View details for DOI 10.2147/OPTH.S122870
View details for PubMedID 28031698
Comparison of Simulated Keratometric Changes Following Wavefront-Guided and Wavefront-Optimized Myopic Photorefractive Keratectomy
JOURNAL OF REFRACTIVE SURGERY
2016; 32 (8): 542-548
To determine the relationship between change in simulated keratometry and corrected refractive error in both wavefront-guided and wavefront-optimized myopic photorefractive keratectomy (PRK), and to determine whether there is a difference in this relationship between these two ablation profiles.Sixty-eight patients received wavefront-guided PRK in one eye and wavefront-optimized PRK in the contralateral eye. The changes in simulated keratometry and corresponding refractive changes for both were determined at 1 year postoperatively. Linear regression was employed to calculate the slope of change in simulated keratometry (ΔK) for change in refractive error (ΔSE) for both wavefront-guided and wavefront-optimized PRK and compared. The mean ratio ΔK/ΔSE was also calculated for both wavefront-guided and wavefront-optimized PRK and compared.There was no significant difference in the ratio of ΔK to ΔSE between wavefront-optimized and wavefront-guided PRK by both linear regression modeling and comparison of the mean ratio ΔK/ΔSE. Linear regression modeling revealed that the ratio of ΔK/ΔSE was greater for small amounts of change in refractive error and smaller for large amounts of change in refractive error. This trend was only statistically significant for the wavefront-optimized group when comparing the means of the ratio ΔK/ΔSE (P = .0287).The change in corneal curvature induced for a given degree of refractive correction was similar for both wavefront-optimized and wavefront-guided PRK. For both, a proportionally smaller amount of corneal flattening was required for larger degrees of refractive correction compared to smaller degrees. [J Refract Surg. 2016;32(8):542-548.].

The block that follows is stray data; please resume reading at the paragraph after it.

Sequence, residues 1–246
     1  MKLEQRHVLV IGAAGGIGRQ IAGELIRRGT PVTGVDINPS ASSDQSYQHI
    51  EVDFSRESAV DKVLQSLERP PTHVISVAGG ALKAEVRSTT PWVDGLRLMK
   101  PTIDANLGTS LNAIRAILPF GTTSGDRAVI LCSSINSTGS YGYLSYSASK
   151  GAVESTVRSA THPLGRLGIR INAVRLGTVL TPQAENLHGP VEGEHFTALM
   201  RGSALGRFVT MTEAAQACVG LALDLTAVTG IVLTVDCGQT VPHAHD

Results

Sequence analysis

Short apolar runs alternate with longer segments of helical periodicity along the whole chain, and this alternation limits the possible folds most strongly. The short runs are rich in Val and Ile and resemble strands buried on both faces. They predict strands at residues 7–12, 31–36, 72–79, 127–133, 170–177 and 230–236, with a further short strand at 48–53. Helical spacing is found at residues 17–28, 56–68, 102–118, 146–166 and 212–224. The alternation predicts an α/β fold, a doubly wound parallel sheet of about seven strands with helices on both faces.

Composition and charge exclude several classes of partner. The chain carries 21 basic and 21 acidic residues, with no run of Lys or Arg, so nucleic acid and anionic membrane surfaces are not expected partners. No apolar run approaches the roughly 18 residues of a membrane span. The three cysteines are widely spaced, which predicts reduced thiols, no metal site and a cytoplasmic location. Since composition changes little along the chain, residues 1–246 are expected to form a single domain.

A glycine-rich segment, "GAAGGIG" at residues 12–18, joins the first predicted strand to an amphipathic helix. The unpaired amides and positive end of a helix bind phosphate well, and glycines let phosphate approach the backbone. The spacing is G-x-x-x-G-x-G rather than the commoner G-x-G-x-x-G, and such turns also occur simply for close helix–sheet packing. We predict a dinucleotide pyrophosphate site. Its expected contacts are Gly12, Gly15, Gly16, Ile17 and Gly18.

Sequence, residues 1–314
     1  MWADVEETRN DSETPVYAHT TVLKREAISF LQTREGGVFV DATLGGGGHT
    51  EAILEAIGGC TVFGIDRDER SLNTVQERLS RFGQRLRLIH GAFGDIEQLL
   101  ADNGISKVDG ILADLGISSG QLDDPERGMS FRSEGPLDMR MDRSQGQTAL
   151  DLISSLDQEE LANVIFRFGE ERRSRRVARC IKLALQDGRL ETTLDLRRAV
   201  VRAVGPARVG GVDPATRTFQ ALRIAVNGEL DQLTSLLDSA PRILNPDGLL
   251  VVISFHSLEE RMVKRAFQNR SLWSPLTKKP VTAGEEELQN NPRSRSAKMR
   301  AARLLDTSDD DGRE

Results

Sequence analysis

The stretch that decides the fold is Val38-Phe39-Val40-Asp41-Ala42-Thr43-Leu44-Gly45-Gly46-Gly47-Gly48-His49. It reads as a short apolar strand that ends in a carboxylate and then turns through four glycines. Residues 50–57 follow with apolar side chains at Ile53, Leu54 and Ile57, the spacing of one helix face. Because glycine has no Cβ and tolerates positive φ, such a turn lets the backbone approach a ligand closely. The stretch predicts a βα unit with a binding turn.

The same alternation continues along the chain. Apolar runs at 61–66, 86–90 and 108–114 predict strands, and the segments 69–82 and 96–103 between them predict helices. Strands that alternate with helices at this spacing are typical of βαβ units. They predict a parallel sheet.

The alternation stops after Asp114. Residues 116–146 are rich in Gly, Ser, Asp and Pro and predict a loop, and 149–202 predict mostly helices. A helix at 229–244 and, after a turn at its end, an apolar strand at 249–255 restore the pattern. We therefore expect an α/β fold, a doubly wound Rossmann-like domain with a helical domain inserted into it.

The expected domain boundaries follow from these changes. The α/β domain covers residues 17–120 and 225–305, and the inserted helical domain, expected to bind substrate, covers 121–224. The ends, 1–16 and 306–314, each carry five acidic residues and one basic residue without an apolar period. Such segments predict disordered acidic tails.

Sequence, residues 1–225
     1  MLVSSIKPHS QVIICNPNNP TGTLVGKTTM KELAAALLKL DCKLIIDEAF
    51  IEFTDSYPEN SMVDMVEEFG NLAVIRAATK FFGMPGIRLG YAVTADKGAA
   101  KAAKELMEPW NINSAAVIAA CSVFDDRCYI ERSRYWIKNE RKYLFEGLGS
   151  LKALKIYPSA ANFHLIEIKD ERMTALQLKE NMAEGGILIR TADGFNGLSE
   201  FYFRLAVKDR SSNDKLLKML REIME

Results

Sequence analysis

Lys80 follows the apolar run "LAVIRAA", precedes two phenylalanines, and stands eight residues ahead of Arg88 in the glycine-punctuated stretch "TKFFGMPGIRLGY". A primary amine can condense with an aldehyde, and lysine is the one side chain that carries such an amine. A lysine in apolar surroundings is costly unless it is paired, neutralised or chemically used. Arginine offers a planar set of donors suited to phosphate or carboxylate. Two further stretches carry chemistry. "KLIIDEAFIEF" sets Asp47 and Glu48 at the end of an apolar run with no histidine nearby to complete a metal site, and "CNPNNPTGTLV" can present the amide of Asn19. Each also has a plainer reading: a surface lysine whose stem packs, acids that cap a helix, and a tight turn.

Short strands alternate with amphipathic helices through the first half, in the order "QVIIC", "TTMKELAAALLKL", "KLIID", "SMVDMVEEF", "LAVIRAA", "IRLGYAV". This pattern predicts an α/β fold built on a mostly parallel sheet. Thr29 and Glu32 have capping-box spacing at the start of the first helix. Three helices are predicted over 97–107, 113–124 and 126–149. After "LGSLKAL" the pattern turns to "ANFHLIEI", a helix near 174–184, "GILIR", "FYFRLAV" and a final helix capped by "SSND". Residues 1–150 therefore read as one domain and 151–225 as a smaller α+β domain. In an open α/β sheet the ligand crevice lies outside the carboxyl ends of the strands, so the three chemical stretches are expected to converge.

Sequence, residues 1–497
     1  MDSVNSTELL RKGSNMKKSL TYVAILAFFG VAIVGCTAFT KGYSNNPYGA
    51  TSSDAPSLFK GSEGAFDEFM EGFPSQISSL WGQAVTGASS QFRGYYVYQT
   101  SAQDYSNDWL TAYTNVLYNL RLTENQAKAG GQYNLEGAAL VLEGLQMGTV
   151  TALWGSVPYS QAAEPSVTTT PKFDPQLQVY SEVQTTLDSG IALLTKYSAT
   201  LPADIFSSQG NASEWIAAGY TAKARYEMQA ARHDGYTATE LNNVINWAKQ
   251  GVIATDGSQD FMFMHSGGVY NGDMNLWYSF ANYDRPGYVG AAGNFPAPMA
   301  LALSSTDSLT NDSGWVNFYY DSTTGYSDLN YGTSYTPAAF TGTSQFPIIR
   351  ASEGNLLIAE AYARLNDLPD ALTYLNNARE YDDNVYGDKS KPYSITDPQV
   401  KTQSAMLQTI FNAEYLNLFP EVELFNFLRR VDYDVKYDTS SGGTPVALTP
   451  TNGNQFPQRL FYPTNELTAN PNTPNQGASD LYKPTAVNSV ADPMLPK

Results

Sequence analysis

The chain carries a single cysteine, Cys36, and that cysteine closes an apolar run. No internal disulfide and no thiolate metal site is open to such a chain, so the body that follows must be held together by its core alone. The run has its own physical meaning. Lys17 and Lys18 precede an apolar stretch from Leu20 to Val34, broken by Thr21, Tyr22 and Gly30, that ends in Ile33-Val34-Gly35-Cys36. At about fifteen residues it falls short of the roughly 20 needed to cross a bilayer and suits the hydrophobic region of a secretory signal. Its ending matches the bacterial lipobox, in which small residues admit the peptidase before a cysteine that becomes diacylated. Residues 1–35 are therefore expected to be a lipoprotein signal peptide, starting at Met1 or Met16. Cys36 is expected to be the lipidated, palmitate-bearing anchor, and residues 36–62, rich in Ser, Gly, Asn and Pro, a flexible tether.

View details for DOI 10.3928/1081597X-20160525-01
View details for Web of Science ID 000384899900005
View details for PubMedID 27505315